Just what is it that “right wing” means in the context of an article about Iran? Does it mean that they want school vouchers? That they favor fewer restrictions on the right to bear arms? Do they want lower taxes? Are they opposed to growth in the mullah-run government? What?

And does it mean that the reformers are “left wingers”? Probably not–this is not a phrase often used in the press, other than in “right-wing” media, like Reason or the National Review. In the editorially-condoned jargon, “crazy extremists” are “right-wing,” while their opposite extremist counterparts are “mainstream.” Often, they’re even the editorial staff…

Some have pointed out that such concepts as “left” and “right” don’t translate well to the Middle East. I don’t think that they’re very meaningful even for domestic political discussions, and are generally a sign of political simple-mindedness. I think that statement holds even more true for this article. But of course, such terminology makes it more natural and easier to call “conservatives” in America the “American Taliban…”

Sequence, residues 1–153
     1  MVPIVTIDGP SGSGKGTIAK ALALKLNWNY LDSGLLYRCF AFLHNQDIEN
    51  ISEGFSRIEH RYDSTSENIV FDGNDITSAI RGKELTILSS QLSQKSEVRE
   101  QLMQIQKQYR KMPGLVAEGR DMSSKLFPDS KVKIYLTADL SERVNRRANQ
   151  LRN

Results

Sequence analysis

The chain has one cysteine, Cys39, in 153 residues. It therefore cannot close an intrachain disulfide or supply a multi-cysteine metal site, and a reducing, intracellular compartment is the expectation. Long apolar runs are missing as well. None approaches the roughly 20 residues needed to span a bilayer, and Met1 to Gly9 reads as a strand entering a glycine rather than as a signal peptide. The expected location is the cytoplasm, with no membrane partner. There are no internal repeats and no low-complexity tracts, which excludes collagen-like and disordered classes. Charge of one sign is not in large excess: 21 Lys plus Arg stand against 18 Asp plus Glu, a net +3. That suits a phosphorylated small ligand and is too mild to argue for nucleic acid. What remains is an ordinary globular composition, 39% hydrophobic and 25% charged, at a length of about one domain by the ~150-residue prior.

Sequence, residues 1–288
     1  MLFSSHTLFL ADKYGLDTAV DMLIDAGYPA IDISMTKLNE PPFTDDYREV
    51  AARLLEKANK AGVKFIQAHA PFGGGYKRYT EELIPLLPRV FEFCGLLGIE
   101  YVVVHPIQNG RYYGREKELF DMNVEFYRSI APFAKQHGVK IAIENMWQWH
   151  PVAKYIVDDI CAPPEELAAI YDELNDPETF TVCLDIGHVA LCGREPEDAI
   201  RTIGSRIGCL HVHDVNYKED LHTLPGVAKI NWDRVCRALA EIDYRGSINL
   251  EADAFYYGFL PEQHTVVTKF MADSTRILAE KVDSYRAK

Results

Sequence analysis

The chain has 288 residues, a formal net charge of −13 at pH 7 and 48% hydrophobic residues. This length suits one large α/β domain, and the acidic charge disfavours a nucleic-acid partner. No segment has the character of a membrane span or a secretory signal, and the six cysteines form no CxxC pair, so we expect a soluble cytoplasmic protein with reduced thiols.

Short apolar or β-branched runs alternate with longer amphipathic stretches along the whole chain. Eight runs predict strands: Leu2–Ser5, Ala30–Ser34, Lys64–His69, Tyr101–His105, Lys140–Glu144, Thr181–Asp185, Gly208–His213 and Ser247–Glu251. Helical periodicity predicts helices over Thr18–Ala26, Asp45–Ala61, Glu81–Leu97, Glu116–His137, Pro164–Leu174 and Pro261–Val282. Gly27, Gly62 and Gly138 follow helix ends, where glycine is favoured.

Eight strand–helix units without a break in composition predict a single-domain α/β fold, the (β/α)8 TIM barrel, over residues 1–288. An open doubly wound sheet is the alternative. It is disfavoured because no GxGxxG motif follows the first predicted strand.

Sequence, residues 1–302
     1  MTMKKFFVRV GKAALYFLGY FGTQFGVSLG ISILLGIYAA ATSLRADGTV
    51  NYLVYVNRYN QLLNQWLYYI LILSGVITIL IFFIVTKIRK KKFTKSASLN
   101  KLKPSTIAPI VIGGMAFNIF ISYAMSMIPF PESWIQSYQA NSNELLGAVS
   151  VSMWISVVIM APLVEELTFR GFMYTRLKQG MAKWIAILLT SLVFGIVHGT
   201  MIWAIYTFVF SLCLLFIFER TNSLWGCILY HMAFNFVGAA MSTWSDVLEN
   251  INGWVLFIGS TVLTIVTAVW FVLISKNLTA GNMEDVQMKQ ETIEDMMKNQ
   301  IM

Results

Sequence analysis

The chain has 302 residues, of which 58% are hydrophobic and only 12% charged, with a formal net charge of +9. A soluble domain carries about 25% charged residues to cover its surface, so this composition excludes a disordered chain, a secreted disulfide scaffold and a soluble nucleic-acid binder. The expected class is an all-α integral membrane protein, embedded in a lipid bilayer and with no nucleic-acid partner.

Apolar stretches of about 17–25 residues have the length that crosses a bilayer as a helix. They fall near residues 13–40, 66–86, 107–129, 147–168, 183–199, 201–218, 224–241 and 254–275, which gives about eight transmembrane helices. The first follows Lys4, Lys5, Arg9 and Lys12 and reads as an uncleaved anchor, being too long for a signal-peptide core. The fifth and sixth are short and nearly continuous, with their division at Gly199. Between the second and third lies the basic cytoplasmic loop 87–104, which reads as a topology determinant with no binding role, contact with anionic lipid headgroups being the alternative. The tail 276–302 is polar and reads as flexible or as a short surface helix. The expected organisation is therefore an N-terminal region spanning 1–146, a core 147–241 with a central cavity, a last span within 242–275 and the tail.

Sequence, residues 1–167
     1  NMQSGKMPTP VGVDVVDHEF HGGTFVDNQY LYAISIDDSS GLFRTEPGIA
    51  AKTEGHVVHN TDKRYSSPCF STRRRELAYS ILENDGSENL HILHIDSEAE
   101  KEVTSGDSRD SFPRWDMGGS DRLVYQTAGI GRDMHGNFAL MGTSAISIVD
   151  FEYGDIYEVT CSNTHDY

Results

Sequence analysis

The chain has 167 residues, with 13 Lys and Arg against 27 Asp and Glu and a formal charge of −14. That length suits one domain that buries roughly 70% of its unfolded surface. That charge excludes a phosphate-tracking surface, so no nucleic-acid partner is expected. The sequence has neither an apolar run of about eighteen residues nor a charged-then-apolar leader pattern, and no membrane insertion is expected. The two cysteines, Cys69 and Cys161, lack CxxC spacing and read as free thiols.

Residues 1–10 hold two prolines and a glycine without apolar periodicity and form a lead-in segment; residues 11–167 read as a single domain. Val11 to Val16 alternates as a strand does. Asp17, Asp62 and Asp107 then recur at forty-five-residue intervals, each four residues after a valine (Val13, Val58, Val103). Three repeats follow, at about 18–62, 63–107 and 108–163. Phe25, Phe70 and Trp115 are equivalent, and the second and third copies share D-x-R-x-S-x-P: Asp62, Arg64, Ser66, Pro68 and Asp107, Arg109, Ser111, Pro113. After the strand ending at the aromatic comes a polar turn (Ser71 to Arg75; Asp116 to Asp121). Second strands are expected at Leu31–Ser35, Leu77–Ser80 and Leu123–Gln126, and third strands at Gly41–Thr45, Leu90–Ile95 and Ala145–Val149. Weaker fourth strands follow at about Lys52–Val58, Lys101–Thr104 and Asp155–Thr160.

The Grass Is Blue

As a break from All Enron, All The Time, time for a little culture.

As I said previously, “Rocky Top” sucks big time as a college fight song, but it’s a great bluegrass song, and the genre seems to be taking off in a big way, with a new generation. Over the years, the public’s exposure to bluegrass has been episodic and misleading (Beverly Hillbillies theme song, “Dueling Banjos,” miscegenation, and forced sodomy from the movie “Deliverance,” etc.).

With only this exposure, most people thought of it as music for barefooted southern yokels (which is ironic, since it was actually invented, developed, and celebrated in Kentucky, Chicago, and Indiana), and even the country music industry has treated it like an ugly cousin. Most music stores don’t even have it as a category, burying it among folk (if they have such an aisle) or country. Few realize that it is a profound type of music, a purely American art form (with roots from both the British Isles and Africa) containing elements of jazz, blues, folk, and, done well, requiring great instrumental virtuosity. (Ironically, at least until recently, there was actually a larger following for it in large cities than in the South).

Here’s an article from USA Today Weekend describing the recent bluegrass revival, partly spurred on by the Cohen Bros. movie, “O Brother, Where Art Thou,” but also by the now-easy availability of a wider variety of music via the internet. Like blogging, this is another example of how the net is bypassing big media (and big “entertainment”) to offer music that people might actually want, instead of what suits in towers think that they might, or should want.